Alexander Palm

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Alexander Ivanovich Palm
Born Александр Иванович Пальм
(1822-02-02)February 2, 1822
Krasnoslobodsk, Penza Governorate, Russian Empire
Died November 22, 1885(1885-11-22) (aged 63)
Saint Petersburg, Russian Empire
Occupation novelist, poet, dramatist

Alexander Ivanovich Palm (Александр Иванович Пальм, February 2 [o.s. January 21], 1822, Krasnoslobodsk, Penza Governorate, Russian Empire, - November 22 [o.s. 10], 1885, Saint Petersburg, Russian Empire) was a Russian poet, novelist and playwright, who also used the pseudonym P. Alminsky. A member of the Petrashevsky Circle, Palm in 1847 was arrested, spent 8 months in the Petropavlovsk Fortress, had his death sentence changed to deportation and served 7 years in the Russian Army. Among his best known works are Alexey Slobodin. The History of One Family (1874, novel) and Our Friend Neklyuzhev (1879, drama).[1]

Biography

Alexander Ivanovich Palm was born in Krasnoslobodsk, Penza region, son of a provincial state official and a serf peasant woman. As a teenager he enrolled into the Saint Petersburg military school and after graduation in 1842 joined the Russian Guards as a junior officer. In 1843 his debut poem published by Literaturnaya Gazeta received praise from critic and playwright Fyodor Koni. In the course of the next five years more than 30 poems by Palm appeared in different Russian magazines.[1]

In 1847 Palm began attending Mikhail Petrashevsky's 'Fridays', and later joined his best friend Sergey Durov's circle. According to his biographer S.L.Kravets, revolutionary ideas had never attracted Palm, and his participation in the underground movement was motivated more by friendship than conviction. During interrogations he expressed deep repentance over his own actions, but refused to give information about his friends. According to an inscription made by a secret police official on Palm's personal file, dated April 29 1849: "His confession is well-written, but... he never reveals, rather tries to conceal Petrashevsky's criminal intentions."[1]

Palm spent eight months in the Petropavlovsk Fortress, before being told, along with the other members of the Petrashevsky circle, that he was to be executed by a firing squad. They were taken to Semonovsky Square and lined up for execution, but at the last moment a messenger arrived from the Tsar sparing their lives. Palm was pardoned and sent into the Russian army as a junior officer. After 7 years of service (in the Caucasus and the Crimea, where he took part in the Crimean War), Palm retired as an army major. In 1871, now a manager of a financial control office in Poltava, Palm embezzled 17 thousand rubles that he had taken from public funds and was sentenced to 3 years of exile. Włodzimierz Spasowicz, a renowned lawyer who defended Palm, never disputed the fact of the embezzlement, but stressed the dire financial circumstances in which the once well-known writer had found himself.[2]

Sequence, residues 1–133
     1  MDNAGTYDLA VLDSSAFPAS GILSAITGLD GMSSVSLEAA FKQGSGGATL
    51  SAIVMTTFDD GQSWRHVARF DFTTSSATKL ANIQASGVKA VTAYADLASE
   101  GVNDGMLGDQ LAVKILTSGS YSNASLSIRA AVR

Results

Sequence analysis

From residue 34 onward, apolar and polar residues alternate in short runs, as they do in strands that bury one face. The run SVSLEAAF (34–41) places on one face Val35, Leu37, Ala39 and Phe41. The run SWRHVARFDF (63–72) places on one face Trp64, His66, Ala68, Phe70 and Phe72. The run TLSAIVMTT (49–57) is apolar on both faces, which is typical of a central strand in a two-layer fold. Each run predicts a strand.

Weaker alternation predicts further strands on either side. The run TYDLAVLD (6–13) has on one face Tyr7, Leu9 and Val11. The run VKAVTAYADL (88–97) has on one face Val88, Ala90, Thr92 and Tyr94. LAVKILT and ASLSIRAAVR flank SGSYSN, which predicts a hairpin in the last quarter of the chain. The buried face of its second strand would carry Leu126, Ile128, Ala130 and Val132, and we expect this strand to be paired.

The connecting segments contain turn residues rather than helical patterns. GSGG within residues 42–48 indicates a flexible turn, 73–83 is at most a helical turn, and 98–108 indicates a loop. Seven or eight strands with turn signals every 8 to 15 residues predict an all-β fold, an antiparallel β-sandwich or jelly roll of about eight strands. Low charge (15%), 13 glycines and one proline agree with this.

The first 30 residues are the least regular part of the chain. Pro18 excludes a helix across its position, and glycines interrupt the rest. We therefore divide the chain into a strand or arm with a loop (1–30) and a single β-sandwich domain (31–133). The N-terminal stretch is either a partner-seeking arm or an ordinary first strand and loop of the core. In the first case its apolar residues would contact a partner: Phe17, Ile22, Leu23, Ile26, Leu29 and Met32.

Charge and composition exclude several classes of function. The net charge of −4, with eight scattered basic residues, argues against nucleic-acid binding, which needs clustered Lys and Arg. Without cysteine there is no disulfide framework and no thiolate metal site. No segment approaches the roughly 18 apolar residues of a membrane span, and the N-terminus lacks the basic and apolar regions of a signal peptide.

After three years spent in Samara Governorate, Palm returned to literary activities and published numerous novels and dramas. During the Russo-Turkish War (1877–78) he worked as a war correspondent for Novoye Vremya, in 1883 edited the weekly newspaper Teatr, for a year was the head of the Pushkin literary circle, having succeeded Alexey Pleshcheyev.[3]

Legacy

Alexander Palm's poetry, "marked by clarity of vision, sonority and technical precision," bore all the marks of Mikhail Lermontov's influence, according to biographer Kravets. Palm's best known poetic drama, The Tale of Tsar, Tsarina and Guslyar with a Cat from the Overseas (1843) was similar to Lermontov's The Song of the Merchant Kalashnikov. Palm's 1849 novel Zhak Bichovkin featured a hero who, according to the author himself, "regarded himself as another Pechorin."

The centerpiece of Palm's vast prosaic legacy is the novel Alexey Slobodin. The Family History in 5 Parts which he published in Vestnik Evropy (1872, Nos. 10,12; 1873, Nos. 2, 3; 1874, Nos. 10, 11) under the moniker P.Alminsky. The novel attracted much interest because most of its heroes had real life prototypes, members of the Petrashevsky and Durov's circles (Rudkovsky as Durov, Slobodin as Fyodor Dostoyevsky).

Palm's dramas Old Landlord (1873) and Our Friend Neklyuzhev (1879), staged by the Aleksandrinsky and Maly Theaters respectively, proved to be very popular with the public. Contemporary critics dismissed them, but in retrospect Russian literary historians see Palm's plays as superior to his prose and poetry.[1]

Select bibliography

Novels

  • Zhak Bichovkin (Жак Бичовкин, 1849)
  • Alexey Slobodin (Алексей Слободин, 1872- 1874)
  • The End of the Old Romance (Конец старого романа, 1874)
  • The Lost Years (Пропащие годы, 1880)
  • The Petersburg Locust (Петербургская саранча, 1884)

Dramas

  • Old Landlord (Старый барин, 1873)
  • Our Friend Neklyuzhev (Наш друг Неклюжев, 1879)

Poetry

  • The Tale of Tsar, Tsarina and Guslyar With a Cat from the Overseas (1843, drama in verse)

References

  1. 1.0 1.1 1.2 1.3 Kravets, S.L. (1990). "Пальм, Александр Иванович". Russian Writers. Biobibliographical dictionary. Moscow. Ed. P.A.Nikolayev. Prosveshcheniye Publishers. Vol.2. Retrieved 2014-01-13.<templatestyles src="Module:Citation/CS1/styles.css"></templatestyles>
  2. The Works by V.D.Spasovich. Saint Petersburg, 1913, Vol.5, Pp. 248-268.
  3. Klevensky, M. (1939). "Пальм, Александр Иванович". Literary encyclopedia in 11 Volumes. Vol. 8.P. 412. Retrieved 2014-01-13.<templatestyles src="Module:Citation/CS1/styles.css"></templatestyles>